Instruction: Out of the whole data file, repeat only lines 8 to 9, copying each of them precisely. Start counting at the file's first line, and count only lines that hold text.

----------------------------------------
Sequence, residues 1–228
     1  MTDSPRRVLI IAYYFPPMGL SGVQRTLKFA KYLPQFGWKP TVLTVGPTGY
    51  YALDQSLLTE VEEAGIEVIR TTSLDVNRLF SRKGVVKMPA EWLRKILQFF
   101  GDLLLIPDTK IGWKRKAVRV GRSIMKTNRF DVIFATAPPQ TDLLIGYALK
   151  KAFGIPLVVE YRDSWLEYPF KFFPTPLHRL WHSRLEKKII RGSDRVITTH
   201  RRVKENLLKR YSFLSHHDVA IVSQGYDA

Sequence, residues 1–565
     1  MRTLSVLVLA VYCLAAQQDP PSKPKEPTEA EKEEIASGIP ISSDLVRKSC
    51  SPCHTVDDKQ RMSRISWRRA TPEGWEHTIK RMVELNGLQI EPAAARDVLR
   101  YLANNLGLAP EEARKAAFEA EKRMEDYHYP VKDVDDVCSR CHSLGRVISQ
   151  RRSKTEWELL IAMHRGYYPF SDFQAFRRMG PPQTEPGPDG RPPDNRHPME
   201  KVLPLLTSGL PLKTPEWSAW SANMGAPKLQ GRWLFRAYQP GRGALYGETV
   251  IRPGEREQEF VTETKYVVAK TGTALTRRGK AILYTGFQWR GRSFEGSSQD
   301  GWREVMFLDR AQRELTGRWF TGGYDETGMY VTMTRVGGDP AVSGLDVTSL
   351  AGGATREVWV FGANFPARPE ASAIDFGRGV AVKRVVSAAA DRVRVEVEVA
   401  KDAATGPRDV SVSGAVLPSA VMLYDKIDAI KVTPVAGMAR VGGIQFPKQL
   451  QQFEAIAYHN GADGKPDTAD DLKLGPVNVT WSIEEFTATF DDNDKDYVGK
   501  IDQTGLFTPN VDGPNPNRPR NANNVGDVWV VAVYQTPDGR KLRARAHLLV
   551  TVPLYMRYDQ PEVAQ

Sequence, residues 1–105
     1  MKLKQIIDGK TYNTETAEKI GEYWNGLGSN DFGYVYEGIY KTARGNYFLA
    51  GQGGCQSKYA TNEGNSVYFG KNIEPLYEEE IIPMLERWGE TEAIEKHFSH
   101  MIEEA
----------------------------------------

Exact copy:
     1  MRTLSVLVLA VYCLAAQQDP PSKPKEPTEA EKEEIASGIP ISSDLVRKSC
    51  SPCHTVDDKQ RMSRISWRRA TPEGWEHTIK RMVELNGLQI EPAAARDVLR